NOTE: In real world/production environments you should not be so generous with granting dbowner role to each and every user, event to app service account. See some expanations for example here: 5 Reasons Against Allowing db_owner Role Permissions.


Free resources for SQL Server MCSA and MCSE Exam preparation

Just sharing number of links to some MVA resources which can be helpful for Microsoft SQL certification preparation and learning Microsoft SQL Server in general.


Don’t ask me why is the picture above has any relevance to this blog post 🙂

Anyway, the following courses cover SQL Server 2012, along with performance tuning and high availability features of SQL Server 2014:

Developing Microsoft SQL Server Databases (prep for Exam 464)Designing Database Solutions for SQL Server (prep for Exam 465)Implementing Data Models & Reports with Microsoft SQL Server (prep for Exam 466)Designing BI Solutions with Microsoft SQL Server (prep for Exam 467)

And next, these courses complement the existing online exam prep resources for MCSA: SQL Server 2012 exams:

Querying Microsoft SQL Server 2012 (prep for Exam 461)Administering Microsoft SQL Server 2012 Databases (prep for Exam 462)Implementing a Data Warehouse with Microsoft SQL Server 2012 (prep for Exam 463)

Source – Born to Learn Blog


How to get listing of stored procedures for SQL server database

Just a quick note on how to get listing of stored procedures for SQL server database. Following query will do this for you (as long as you’re not in the master database, system stored procedures won’t be returned):


SELECT *\nFROM DatabaseName.information_schema.routinesWHERE routine_type = ‘PROCEDURE’

You may add AND specific_name LIKE ‘%part_of_specific_name%’ to WHERE clause to filter/look up for specific stored procedure by name.

If for some reason you had non-system stored procedures in the master database, you could use the query (this will filter out MOST system stored procedures):


SELECT *\nFROM master.information_schema.routinesWHERE routine_type = ‘PROCEDURE’\nAND Left(Routine_Name, 3) NOT IN (‘sp_’, ‘xp_’, ‘ms_’)

\nSource – question on Query that returns list of all Stored Procedures in an MS SQL database.


How to check Microsoft SQL Server version

Sometimes you need to verify exact version of Microsoft SQL Server and you can do it in a different ways. GUI way of doing this is to access Help > About in Microsoft SQL Server Management Studio which will give you something like this:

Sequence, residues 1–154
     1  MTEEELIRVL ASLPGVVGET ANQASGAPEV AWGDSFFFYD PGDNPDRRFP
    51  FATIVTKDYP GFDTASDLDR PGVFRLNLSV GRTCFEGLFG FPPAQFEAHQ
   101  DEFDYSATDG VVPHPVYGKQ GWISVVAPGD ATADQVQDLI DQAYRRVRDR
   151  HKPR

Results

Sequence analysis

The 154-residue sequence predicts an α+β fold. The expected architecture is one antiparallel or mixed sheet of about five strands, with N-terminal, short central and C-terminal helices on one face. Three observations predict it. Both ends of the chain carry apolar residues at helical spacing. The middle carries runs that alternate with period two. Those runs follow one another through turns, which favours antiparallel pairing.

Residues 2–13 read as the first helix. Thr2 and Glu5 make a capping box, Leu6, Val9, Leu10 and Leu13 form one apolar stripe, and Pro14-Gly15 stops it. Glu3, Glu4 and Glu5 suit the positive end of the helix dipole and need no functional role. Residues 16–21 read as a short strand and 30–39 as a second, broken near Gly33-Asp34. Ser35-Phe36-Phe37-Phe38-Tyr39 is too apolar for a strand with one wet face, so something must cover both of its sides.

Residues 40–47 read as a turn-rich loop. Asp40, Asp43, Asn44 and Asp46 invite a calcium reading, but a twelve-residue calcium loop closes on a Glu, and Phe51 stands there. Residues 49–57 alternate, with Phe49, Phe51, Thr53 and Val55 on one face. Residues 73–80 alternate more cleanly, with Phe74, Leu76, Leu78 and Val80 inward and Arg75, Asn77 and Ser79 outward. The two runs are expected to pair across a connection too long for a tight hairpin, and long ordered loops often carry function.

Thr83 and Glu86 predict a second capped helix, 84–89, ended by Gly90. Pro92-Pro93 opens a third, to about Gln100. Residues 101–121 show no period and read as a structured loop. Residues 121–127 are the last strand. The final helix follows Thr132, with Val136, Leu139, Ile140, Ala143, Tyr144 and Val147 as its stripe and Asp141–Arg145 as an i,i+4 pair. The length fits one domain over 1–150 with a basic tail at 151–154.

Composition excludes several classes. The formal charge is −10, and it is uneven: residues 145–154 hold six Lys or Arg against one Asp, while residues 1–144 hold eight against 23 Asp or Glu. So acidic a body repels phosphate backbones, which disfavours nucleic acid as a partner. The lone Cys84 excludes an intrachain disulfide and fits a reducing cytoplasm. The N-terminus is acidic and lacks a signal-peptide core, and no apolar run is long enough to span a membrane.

Well this is good, but can you readily translate 11.0.5058.0 into SQL Server XXXX SPX? Maybe you can, but I don’t. So the better way is to employ some SQL commands to get this information in more readable form:

Will return you something like this (but in online):

Microsoft SQL Server 2012 – 11.0.5058.0 (X64)

May 14 2014 18:34:29

Copyright (c) Microsoft Corporation

Enterprise Edition (64-bit) on Windows NT 6.3 <X64> (Build 9600: ) (Hypervisor)

Well at least it does show you that 11.0.5058.0 is SQL Server 2012, but doesn’t disclose what SP level you have… Then next command (works starting from SQL Server 2000) will help you:

This returns following details (build, SP level, edition):

11.0.5058.0 SP2 Enterprise Edition (64-bit)

But other frequent scenario if when you don’t have access to the server and have only build number provided to you, here you may refer to the following comprehensive list of SQL Server builds resolved to product name and SP/update level (pay attention that below on that page you may find the links for the similar data on Exchange and SharePoint though these two list don’t look as impressive as the list of SQL Server versions):

This should be enough to establish exact SQL version.

As a bonus there are couple of alternative way of checking SQL server version information. PowerShell way (almost).

1) Using Invoke-sqlcmd, strictly speaking is just use of old good sqlcmd but inside of PowerShell – so this is not a pure PowerShell method, bur rather an example of how to execute SQL query in PowerShell:

It should look similar to this (and the build on the screenshot is SQL Server 2014 SP1):

Check SQL Server version PS

2) Reading relevant registry keys with PowerShell (this is a bit cooler as it enumerates your instances):

I took this script from Shawn Melton‘s answer to “How do I check for the SQL Server Version using Powershell?” question on

Here is an output from my test server with two instances:

Check SQL Server version PS option 2 output


SQL: Get next run time for SQL server jobs

SQL Server Manager GUI doesn’t show you next run time when you look at job schedule (at least in SQL Server 2008 R2) so you may use this to get it:

\n\n\n[code lang=”sql”]\nSUBSTRING(CONVERT(VARCHAR(10),CASEWHENSUBSTRING(CONVERT(VARCHAR(10),next_run_time), 1 ,2)> 12\n\nTHENSUBSTRING(CONVERT(VARCHAR(10),next_run_time),1,2)-12\n\nELSESUBSTRING(CONVERT(VARCHAR(10),next_run_time),1,2)END),1,2)\n\n+‘:’+SUBSTRING(CONVERT(VARCHAR(10), next_run_time),3,2)\n\n+‘:’+SUBSTRING(CONVERT(VARCHAR(10), next_run_time ),5,2)‘Scheduled At’\n\nFROM sysjobs A ,CTE B\n\nWHERE A.job_id = B.job_id\n\nANDSUBSTRING(CONVERT(VARCHAR(10),next_run_date), 5,2)+‘/’+\n\nSUBSTRING(CONVERT(VARCHAR(10),next_run_date), 7,2)+‘/’+\n\nSUBSTRING(CONVERT(VARCHAR(10),next_run_date),1,4)=CONVERT(VARCHAR(10),GETDATE(),101)\n\nAND(SUBSTRING(CONVERT(VARCHAR(10),\n\nCASEWHENSUBSTRING(CONVERT(VARCHAR(10),next_run_time), 1 ,2)> 12\n\nTHENSUBSTRING(CONVERT(VARCHAR(10),next_run_time), 1 ,2)-12\n\nELSESUBSTRING(CONVERT(VARCHAR(10),next_run_time), 1 ,2)END),1,2)\n\n+‘:’+SUBSTRING(CONVERT(VARCHAR(10), next_run_time ),3,2)\n\n+‘:’+SUBSTRING(CONVERT(VARCHAR(10), next_run_time ),5,2))>\n\nSUBSTRING(CONVERT(VARCHAR(30),GETDATE(),9),13,7)\n[/code]\n\n